Experts say although opportunities abound for local carriers during this pandemic, the government will need to help the airlines leverage these opportunities.
Ohunayo explained that immediately the government came up with guidelines for resumptions of international flights, which included restricting entry points, reduction in frequencies and not approving some foreign airlines coming into our airspace, there was supposed to be an opportunity for Nigerian operators on the European route to take advantage of.
Ohunayo regretted that these opportunities that abound now are being blown away because the government of Nigeria refused to use some aero-political means to get its airlines in one of these routes.
“I feel so bad that we are losing these opportunities and I hope the government can use this opportunity to support our airlines to operate on the international route. It is time to do that,” he added.
On his part, Adewale hinted that the risk appetite of many top-rated foreign carriers has been tempered by Covid-19 and the resultant strategic control of entry point and frequency allowed opens up a new vista of opportunities for capable domestic airlines.
Adewale noted that with the assistance or support of the federal Ministry of Aviation, local airlines could code share with these foreign airlines and ‘feed’ them or take up opportunities for potential slot increase through a partnership deal that is supported by the Ministry in order to meet up huge market demands in and out of their countries.
“For example, Delta has huge traffic and backlog into Nigeria till Dec 2020. Delta could partner a domestic carrier with capacity to access more slots and frequency into Nigeria to meet this huge demand. This is possible with negotiations that are supported by the Federal Ministry of Aviation,” he said.
Government’s support critical for survival of airlines
Experts have also observed that no matter the strides made by local carriers amid the impact of COVID-19, if the government does not support them, some local airlines may close down in a few months.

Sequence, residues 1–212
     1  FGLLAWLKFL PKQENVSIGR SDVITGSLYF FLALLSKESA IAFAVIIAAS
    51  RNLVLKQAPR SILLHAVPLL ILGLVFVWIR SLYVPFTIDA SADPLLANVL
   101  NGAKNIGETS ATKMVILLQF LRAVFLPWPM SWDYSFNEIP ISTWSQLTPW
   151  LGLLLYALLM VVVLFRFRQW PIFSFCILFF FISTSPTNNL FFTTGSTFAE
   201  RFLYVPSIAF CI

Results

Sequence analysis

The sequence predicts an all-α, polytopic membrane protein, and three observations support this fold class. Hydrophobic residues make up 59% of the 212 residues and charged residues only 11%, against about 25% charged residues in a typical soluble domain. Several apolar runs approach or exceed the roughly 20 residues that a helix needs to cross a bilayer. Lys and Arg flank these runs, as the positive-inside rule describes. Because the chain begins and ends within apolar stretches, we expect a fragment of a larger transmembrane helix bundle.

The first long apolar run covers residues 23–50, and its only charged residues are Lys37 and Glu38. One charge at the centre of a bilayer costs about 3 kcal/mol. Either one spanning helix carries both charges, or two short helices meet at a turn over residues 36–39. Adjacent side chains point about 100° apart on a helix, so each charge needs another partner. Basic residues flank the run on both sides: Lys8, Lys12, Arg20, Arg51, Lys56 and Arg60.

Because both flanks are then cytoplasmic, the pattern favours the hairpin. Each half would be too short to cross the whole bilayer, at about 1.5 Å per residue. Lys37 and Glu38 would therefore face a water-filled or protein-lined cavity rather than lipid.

According to Ohunayo, Nigeria needs more airlines on the international route that can strongly carry its flag, saying that the way the government can do this is to support Air Peace that is already doing international flight.
“When a domestic airline starts international flights, that airline automatically becomes your flag carrier. This was reflective of the recent report on countries without flag carriers. Nigeria was not on that list despite our do or die attitude of having a national carrier. Once you designate an airline to fly an international route, it becomes your flag carrier. It deserves all the support you are giving to your unborn national carrier. This is what is lacking in Nigeria.
“Air Peace deserves all the cover including safety, security, diplomacy, aero political and every other cover that is needed. Again, the ministry of aviation and all other ministries must ensure all charter flights involving Nigerian government and Nigerians be led and moved by Nigerian carriers.
“That is a way of opening access to market for them and exposing them to other countries just as Air Peace made use of that effort during the COVID. I also expect that we will start to look at the Fly Nigeria Act again and begin to put a stage by stage process or implementation,” Ohunayo said.
For Seyi Adewale, Air Peace needs space to build its own hanger within the Lagos airport, adding that the government, through its responsible agency, can make this a possibility with terms and conditions that are business friendly.
Adewale also suggested that support grants to local airlines should be made accessible to Air Peace quickly and timely, as this will enable the local airlines retain their important staff, continue with growth and development programmes, train and retrain, and run efficiently without the burden of debt overhang.
He also suggested that the government should continue with its reciprocity initiatives and execute or renegotiate BASA that supports local airlines to begin to benefit from the economic and commercial traffic rights that it intends. “Nothing should stop or limit Air Peace from this benefit into other lucrative international routes,” he said.
John Ojikutu, a member of an aviation industry think-tank group, Aviation Round Table (ART) and chief executive of Centurion Securities, told BusinessDay that the federal government should open either Lagos or Abuja to foreign airlines and any other airport from Port Harcourt, Kano, and Enugu.